Dry eye is a complex disease of the eye surface with many factors and causes.

Symptoms may include gritty, irritated, sore, dry or watery eyes and blurry or fluctuating vision. In some cases it may also be asymptomatic.

There are two types of dry eye which generally relate to which of the two layers of the tear film is incomplete.

The most common type of dry eye, evaporative dry eye, is most often associated with dysfunction of the eyelid glands that secrete the oily layer of the tear film. This is called Meibomian Gland Dysfunction. As these glands are located at the base of the eyelid margin this condition may also be associated with Blepharitis, where there is an overgrowth of the normal bacteria along the base of the eyelashes.

Aqueous deficient dry eye is less common, it generally caused by systemic disease or medications and results in reduced production of the watery component of the tear film.

Both types of dry eye are associated with inflammation so treatments primarily relate to reducing inflammation and improving symptoms.

Dry Eye and Ocular Surface Disease - Canterbury Eyecare
Image source: https://www.aao.org/eye-health/anatomy/tear-film-3

Treatments for Dry Eye and Ocular Surface Disease

Heat Treatment

Heat Treatment involves heating the eyelid glands to improve their function thereby increasing tear production. The best at home heat treatment is with microwavable heat masks.

We recommend The Eye Doctor Hot and Cold Heat Mask used 2 times a day for 5-10 minutes for at least 4-6 weeks, then once a day ongoing.

Increasing Omega 3 Intake

Omega 3‘s are beneficial in all types of dry eye due to their anti-inflammatory properties. It is recommended to have 1000-2000mg of Omega 3 daily, especially a type high in EPA and DHA.

We recommend supplements Lacritec or DRYeye Forte capsules 3 times a day for 1 month then 2 times a day ongoing.

OR you can increase dietary omega 3 intake by having 2-3 serves a week of Oily Fish such as Salmon, Sardines, Anchovies, Trout or Tuna.

If Vegetarian then increase intake of Flaxseed, Walnuts, Chia Seeds and Soybean Oil.

Anti-inflammatory eye drops, gel or ointments

Anti-inflammatory eye drops, gel or ointment may be necessary in some cases to calm the eye surface. A significant factor of dry eye disease is inflammation. 

Some anti-inflammatory treatments may be available over the counter or by prescription only. It is important to follow directions for these treatments carefully as some may have adverse effects if used long term or incorrectly. Prescription medications may be steroidal or immunosuppressant in nature.

An over the counter available anti-inflammatory medication is: Optimel (Manuka Honey) Drops or Gel, to be used 2 times a day. Note: Stings on instillation.

Medicated Lid Wipes, Foam or Sprays

Medicated Lid Wipes, Foam or Sprays are used to treat Blepharitis, the term for an imbalance of the native bacteria which live on our face and around our eyes. Research shows blepharitis is a common finding in dry eye disease.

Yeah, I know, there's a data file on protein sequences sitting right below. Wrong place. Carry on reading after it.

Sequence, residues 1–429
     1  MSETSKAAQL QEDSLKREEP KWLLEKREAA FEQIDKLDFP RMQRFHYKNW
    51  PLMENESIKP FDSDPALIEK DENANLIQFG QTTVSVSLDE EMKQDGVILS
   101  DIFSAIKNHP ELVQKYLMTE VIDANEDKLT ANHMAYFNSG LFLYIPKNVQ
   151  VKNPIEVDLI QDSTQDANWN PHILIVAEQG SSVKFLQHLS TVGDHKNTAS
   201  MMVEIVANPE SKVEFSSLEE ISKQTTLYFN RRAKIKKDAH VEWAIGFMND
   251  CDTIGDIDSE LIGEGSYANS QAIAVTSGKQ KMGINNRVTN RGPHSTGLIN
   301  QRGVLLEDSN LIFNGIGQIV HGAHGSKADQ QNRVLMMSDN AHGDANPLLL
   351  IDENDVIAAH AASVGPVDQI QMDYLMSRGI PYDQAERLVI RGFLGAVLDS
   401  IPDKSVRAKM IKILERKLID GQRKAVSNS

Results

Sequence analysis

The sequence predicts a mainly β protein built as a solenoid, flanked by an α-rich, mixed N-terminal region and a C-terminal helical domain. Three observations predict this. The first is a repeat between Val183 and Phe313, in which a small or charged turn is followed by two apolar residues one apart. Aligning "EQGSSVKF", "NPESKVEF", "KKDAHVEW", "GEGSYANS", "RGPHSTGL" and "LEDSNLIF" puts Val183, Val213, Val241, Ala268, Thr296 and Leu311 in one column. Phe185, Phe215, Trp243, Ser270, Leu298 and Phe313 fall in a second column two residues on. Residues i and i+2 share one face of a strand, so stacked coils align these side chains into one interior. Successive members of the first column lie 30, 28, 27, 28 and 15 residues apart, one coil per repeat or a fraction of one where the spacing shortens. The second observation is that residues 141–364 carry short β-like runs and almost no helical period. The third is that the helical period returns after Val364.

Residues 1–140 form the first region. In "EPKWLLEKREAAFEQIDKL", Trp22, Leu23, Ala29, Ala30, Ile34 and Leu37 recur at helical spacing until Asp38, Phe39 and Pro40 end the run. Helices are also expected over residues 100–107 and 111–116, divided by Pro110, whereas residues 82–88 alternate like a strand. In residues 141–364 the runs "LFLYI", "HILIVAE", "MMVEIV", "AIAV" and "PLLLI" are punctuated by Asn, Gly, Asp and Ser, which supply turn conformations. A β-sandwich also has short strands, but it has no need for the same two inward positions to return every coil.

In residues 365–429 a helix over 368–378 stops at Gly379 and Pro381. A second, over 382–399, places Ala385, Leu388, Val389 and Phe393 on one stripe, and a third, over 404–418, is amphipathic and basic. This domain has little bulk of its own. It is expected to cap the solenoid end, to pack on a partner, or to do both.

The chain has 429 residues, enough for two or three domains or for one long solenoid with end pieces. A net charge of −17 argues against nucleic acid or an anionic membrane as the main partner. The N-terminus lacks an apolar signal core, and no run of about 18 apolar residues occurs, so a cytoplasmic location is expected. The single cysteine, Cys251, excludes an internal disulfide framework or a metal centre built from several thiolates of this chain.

Treatment of Blepharitis comes in many options , those with Tea Tree Oil are for more severe cases.

We recommend: Sterilid (Hypochlorous acid) spray or Blephadex foam or wipes used 2 times a day for at least 6 weeks then once a day ongoing.

Blinking Exercises

Blinking exercises increase tear secretion. 

They involve completely closing the eyes without squeezing the eyelids together. 

Repeat this exercise a few times throughout the day.

Environmental Factors

Environmental factors can exacerbate dry eye. Common culprits include environments with low humidity, high airflow and activities that cause reduced blink rate. To reduce the impact of environmental factors consider the following:

  • Direct air conditioning or heating away from the eyes
  • Keep screen monitors below eye height
  • Wear an eye mask whilst sleeping
  • Keep hydrated
  • Take frequent breaks when reading, watching TV or screen based devices

Other Interventions

Return to see us at any time for a review and re-assessment of your dry eye symptoms and concerns.

We can refer and co-manage with our Ophthalmology colleagues or your GP for further interventions such as oral medications or to access specially compounded medications.

Coming soon to Canterbury Eyecare

Intense Pulsed Light (IPL) for Dry Eye Treatment

Over the last decade Intense Pulsed Light (IPL) has been researched in the treatment of Dry Eye Disease. It has now been established as a leading treatment, is able to be performed by your Optometrist and is safe and minimally invasive. 

The IPL therapy is administered using a device that generates Intense Pulsed Light (flash). The IPL system has been designed to suit many skin types.  The light transmitted on the skin has several actions:

  • It stimulates the parasympathetic nerve and accelerates the metabolism of the Meibomian Glands and lacrimal glands.
  • It reduces skin (i.e. rosacea) and eyelid (i.e. Blepharitis or Demodex) inflammation.

The results of clinical studies on IPL technology have reported:

  • Enhancement of the tear film quality
  • Improvement of many symptoms: sensation of dryness, foreign body sensation in the eye, itchiness, sensation of burning, eyestrain, blurred vision, sensitivity to light, watery eyes, pain.

If you’re interested in learning more about IPL treatment at Canterbury Eyecare please fill in the below form and one of our Optometrists will be contact.

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